A group of eight former employees from The Cincinnati Enquirer filed an amended lawsuit Oct. 19 accusing the Gannett-owned newspaper of age discrimination. The lawsuit, which was originally filed by Joseph Fenton and Catherine Reutter in 2011, was amended on Oct. 19 to include six more plaintiffs.
The origins of the complaint, which also alleges intentional infliction of emotional distress, began
when Fenton was allegedly told he was performing poorly at The Enquirer.
On November 2010, Fenton was “suddenly informed” by his supervisor,
Julie Engebrecht, that his performance was unsatisfactory. This was
despite Engebrecht allegedly acknowledging that Fenton was a “great
editor” in the same conversation.
From that point, Fenton allegedly tried to smooth problems
over. Working through human resources, Fenton arranged weekly meetings
with Engebrecht to gather feedback and improve his work, according to
the lawsuit. At the end of every meeting, Fenton and Engebrecht
allegedly worked out goals and Fenton would finish the meetings by asking, “Are we
good?” Allegedly, Engebrecht replied by assuring Fenton “things were in
Despite the meetings, Fenton was fired on Feb. 18, 2011. He was 57, and he had worked for Gannett (Correction: Previously said The Enquirer) for 14 years, according to the lawsuit. The complaint also says Fenton had no previous record of discipline, but Engebrecht had allegedly referred to Fenton as a “dinosaur” and “curmudgeon.”
When he was terminated, at least seven other individuals — all “near or over the age of 50” — at The Enquirer were laid off as well, according to the lawsuit. Reutter, a co-filer of the lawsuit, was among those terminated. Three of the employees terminated worked for the online department, and they were allegedly replaced by “an employee in his 20s who was hired in January 2011.”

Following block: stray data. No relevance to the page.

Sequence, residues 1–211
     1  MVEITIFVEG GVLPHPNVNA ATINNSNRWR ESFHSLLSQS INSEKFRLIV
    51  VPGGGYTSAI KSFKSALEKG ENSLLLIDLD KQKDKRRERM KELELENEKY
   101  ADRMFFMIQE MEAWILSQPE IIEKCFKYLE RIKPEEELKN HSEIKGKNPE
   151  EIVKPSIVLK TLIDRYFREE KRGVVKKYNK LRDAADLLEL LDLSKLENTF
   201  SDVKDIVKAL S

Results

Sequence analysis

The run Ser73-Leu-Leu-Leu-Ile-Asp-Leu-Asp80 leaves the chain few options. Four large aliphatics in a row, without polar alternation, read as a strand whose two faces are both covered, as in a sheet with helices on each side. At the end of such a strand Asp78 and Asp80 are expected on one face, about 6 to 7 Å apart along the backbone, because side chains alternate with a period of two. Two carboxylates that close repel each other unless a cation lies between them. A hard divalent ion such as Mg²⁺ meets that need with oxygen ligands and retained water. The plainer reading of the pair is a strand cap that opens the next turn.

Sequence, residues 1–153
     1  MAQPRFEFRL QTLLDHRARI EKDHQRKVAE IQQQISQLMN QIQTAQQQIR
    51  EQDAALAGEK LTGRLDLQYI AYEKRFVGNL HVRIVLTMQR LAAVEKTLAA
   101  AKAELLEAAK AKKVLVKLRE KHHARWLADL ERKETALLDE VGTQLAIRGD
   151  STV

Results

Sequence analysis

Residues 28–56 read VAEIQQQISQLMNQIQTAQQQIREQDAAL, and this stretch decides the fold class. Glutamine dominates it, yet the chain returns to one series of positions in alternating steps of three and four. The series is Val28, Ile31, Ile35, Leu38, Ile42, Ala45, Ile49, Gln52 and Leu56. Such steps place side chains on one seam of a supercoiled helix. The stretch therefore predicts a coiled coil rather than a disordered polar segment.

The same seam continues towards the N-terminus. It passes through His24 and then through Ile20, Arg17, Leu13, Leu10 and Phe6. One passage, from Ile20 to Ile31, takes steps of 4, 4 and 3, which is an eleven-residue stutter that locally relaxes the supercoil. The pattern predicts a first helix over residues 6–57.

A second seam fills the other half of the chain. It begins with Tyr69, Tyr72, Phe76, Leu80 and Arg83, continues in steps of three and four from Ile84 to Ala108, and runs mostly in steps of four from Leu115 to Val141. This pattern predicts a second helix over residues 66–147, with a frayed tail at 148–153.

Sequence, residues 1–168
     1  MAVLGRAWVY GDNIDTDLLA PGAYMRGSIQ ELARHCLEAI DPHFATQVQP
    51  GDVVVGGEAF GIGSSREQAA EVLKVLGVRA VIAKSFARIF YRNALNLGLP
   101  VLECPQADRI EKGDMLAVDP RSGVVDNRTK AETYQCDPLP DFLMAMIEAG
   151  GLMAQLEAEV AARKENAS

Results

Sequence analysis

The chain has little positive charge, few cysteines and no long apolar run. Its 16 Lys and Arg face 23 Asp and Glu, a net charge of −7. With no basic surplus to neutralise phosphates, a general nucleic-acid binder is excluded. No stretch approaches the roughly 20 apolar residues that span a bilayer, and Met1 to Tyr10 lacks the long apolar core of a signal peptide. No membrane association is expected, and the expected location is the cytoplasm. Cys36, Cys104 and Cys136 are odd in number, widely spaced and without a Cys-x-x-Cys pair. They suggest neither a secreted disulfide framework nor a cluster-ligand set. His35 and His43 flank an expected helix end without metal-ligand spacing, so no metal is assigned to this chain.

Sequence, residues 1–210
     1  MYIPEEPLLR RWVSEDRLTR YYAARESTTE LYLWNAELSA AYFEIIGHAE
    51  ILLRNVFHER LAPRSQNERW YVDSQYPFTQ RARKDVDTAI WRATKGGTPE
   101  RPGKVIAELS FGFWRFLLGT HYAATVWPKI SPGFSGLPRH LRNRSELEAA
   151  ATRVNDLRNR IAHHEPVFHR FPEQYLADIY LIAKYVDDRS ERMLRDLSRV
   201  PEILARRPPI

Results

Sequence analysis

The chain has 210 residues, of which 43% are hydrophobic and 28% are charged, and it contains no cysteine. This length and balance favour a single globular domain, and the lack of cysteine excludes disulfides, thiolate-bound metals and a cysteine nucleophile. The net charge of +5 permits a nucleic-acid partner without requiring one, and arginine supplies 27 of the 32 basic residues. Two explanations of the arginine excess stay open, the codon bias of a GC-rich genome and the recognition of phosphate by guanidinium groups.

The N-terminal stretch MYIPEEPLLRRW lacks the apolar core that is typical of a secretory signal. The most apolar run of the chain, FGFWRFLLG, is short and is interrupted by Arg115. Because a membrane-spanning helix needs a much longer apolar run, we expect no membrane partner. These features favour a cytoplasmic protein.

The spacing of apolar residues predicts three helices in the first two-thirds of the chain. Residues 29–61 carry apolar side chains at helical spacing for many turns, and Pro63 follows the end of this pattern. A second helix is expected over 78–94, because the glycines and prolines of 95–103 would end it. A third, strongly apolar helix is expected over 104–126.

This is all despite Fenton having a history of “high-quality work” at The Enquirer,
according to the complaint: “Two (of his) projects were nominated for
the Pulitzer Prize. Upon information and belief, these (two) projects
were the only (two) nominated for the Pulitzer Prize from The Cincinnati Enquirer
during Fenton’s tenure there.” Fenton also directed projects that won
Best of Gannett awards in 2006 and 2008 in a competition with the
company’s 83 other U.S. newspapers, according to the lawsuit.
The lawsuit goes on to make similar claims for the other former employees involved in the lawsuit. They were all 45 years old or older when terminated, and most claim younger, less qualified employees replaced them.
However, in the factual allegations for Reutter, it’s explained a 49-year-old replaced some of the employees. The lawsuit notes the employee is younger than Reutter, but that employee is actually four years older than the youngest plaintiff was when terminated.
The complaint claims Reutter was told in her exit interview “seniority was a factor in the choice of who was terminated.”
Mitt Romney was criticized for wanting to “kill Big Bird” due to his proposed cuts to publicly funded media, and now City Manager Milton Dohoney Jr. could face similar criticism. In his 2013 budget proposal, Dohoney suggested eliminating $300,000 in support to Media Bridges, an organization that provides public access TV and radio stations in Cincinnati.